U.S. oil production has peaked…at least for now.
That is the conclusion from a new government report that concludes that U.S. oil production is on the decline. After questions surrounding the resilience of U.S. shale and when low oil prices would finally cut into production, the EIA says the month of April was the turning point.
In its Short-Term Energy Outlook released on July 7, the EIA acknowledged that U.S. oil production peaked in April, hitting 9.7 million barrels per day (mb/d), the highest level since 1971. In May, production fell by 50,000 barrels per day, and EIA says that it will continue to decline through the early part of next year. Still, the declines won’t be huge, according to the agency’s forecast – production will average 9.5 mb/d in 2015 and 9.3 mb/d in 2016.
The EIA figures move a little closer to what some critics have been saying for some time. Data from states like North Dakota and Texas had pointed to slowing production for months while EIA posted weekly gains in production figures for the nation as a whole. Along with several consecutive weeks of inventory drawdowns, EIA figures started to look a little suspect. The latest report is sort of an acknowledgement that those figures were a little optimistic.
Nevertheless, as the EIA affirms peak production in the second quarter of 2015, the fall in output over the next few quarters should bring supply and demand back into balance, or at least close to it. Supply exceeded demand by more than 2.5 mb/d in the second quarter of this year, but that gap will narrow to 1.6 mb/d in the third quarter and just 500,000 barrels per day in 2016.
On the natural gas side of things, production dipped a bit in recent months, owing to declines in the Marcellus Shale. Still the EIA is bullish on natural gas, predicting production gains of 4.3 billion cubic feet per day in 2015 (a 5.7 increase over the year before) and 1.6 Bcf/d jump in 2016. Last year, natural gas inventories were drawn down way below the five-year running average as cold weather caused consumers to burn through large volumes. Still, production kept climbing throughout 2014, building back depleted storage. Related: Oil Price Plunge Raises Fears for Indebted Shale Companies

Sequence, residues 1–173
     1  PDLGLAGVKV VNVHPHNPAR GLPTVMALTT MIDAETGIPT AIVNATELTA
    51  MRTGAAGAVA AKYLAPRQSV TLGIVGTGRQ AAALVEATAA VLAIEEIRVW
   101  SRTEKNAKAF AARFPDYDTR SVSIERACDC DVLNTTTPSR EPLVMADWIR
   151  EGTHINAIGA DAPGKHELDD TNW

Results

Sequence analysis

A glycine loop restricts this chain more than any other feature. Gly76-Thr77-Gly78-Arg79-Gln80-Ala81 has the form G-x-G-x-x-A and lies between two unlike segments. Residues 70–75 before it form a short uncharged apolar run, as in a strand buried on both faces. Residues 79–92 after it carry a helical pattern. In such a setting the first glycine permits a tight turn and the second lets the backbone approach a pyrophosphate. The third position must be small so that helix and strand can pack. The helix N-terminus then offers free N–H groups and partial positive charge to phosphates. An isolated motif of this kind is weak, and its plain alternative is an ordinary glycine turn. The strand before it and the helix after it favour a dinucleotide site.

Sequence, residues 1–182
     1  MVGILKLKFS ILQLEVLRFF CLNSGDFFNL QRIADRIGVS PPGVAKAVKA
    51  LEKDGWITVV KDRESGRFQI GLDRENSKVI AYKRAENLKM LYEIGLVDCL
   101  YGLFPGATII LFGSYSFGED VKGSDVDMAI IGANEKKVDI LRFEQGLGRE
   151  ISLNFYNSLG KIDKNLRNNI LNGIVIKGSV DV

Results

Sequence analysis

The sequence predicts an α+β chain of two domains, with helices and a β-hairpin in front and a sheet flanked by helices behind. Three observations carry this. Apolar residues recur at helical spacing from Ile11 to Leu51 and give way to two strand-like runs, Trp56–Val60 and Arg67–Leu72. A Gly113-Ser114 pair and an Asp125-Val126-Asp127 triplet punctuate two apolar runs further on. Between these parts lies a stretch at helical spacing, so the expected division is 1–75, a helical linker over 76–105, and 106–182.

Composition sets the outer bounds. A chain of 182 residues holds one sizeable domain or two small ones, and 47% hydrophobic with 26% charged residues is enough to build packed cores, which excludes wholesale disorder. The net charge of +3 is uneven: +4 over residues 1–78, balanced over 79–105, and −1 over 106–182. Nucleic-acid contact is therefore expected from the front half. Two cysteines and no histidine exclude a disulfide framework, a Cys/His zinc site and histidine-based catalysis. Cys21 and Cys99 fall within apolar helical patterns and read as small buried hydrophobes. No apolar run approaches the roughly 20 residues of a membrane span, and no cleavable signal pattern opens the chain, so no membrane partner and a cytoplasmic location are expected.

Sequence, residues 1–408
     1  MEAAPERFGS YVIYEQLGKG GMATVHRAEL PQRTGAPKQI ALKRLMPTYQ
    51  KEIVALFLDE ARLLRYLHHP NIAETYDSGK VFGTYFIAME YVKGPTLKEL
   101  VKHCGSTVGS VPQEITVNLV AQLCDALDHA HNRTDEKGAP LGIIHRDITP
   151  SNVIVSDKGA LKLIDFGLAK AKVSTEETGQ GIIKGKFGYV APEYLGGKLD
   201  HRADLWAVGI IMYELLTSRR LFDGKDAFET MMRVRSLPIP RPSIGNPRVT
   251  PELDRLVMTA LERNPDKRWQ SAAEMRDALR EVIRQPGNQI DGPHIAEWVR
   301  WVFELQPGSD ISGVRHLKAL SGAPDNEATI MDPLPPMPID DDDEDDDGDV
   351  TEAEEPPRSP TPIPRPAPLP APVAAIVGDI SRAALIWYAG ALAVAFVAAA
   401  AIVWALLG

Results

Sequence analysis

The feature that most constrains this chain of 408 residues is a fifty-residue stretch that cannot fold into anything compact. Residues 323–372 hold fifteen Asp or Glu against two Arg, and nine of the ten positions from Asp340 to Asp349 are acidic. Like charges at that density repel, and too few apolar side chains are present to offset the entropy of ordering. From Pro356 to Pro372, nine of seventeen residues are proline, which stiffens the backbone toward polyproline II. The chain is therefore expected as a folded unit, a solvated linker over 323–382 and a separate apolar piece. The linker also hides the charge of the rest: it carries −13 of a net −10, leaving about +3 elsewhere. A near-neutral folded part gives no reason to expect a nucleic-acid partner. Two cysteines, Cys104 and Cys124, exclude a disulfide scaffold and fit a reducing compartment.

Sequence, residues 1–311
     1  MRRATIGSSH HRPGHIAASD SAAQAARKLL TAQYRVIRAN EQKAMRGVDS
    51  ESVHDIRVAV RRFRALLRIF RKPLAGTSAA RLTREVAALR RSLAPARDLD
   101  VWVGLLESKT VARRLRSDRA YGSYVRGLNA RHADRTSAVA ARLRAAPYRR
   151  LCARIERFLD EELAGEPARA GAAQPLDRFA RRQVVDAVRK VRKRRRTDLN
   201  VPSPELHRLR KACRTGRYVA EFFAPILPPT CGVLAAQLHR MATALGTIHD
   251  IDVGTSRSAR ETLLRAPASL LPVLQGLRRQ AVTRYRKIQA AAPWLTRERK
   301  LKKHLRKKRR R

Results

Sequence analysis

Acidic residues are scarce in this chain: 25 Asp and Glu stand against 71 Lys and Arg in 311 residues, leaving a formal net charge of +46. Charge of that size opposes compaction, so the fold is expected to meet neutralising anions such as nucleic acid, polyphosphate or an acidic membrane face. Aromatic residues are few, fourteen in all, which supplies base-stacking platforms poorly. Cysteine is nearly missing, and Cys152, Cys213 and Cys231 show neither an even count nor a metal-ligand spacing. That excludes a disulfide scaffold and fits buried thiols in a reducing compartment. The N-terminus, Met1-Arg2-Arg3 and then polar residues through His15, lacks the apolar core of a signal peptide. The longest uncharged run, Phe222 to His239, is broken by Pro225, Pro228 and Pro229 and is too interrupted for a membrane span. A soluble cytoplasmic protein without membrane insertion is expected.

The refill in storage levels over the past year has been impressive. At 662 Bcf, natural gas storage levels are now 35 percent higher than they were at this point in 2014 and just a tad above the five-year average. The EIA predicts that storage levels will continue to climb, which could put further downward pressure on prices, having already fallen by nearly half from just November 2014. Towards the end of the year, natural gas storage levels could fill to above-average levels, which will reduce any chance of prices rising beyond where they are now (~$2.80/MMBtu).
That could keep electricity prices from rising too much, certainly a welcome development for consumers. But it will also be awful news for coal producers, which are seeing their market shrink. Coal’s share of the electricity market (a pie that is not really growing), is expected to fall by a massive 3 percent this year, plummeting from 38.7 percent to just 35.6 percent. In fact, in April natural gas captured more of the market (31.5 percent) than coal did (30.3 percent). Coal once generated half of the country’s electricity, but natural gas and renewable energy are eating away at that dominant position. Related: Spanish Government To Tax Solar Power
Lower coal generation (due to shuttered coal-fired power plants) means lower coal consumption. That in turn means coal mining companies are going to have a bad year. Across the country, U.S. coal production is expected to fall by 75 million tons this year. That will lead to further mine closures. Related: OPEC Still Holds All The Cards In Oil Price Game
Forecasting the future is impossible, and there is no doubt that the EIA projections will somehow get it wrong. For oil, in particular, estimates about prices are almost useless, as geopolitical events (Greece, China, Iran) overwhelm what appear to be simple supply and demand figures. Still, the projections at least offer a baseline against which we can compare different policies and geopolitical scenarios.
By Nick Cunningham, Oilprice.com
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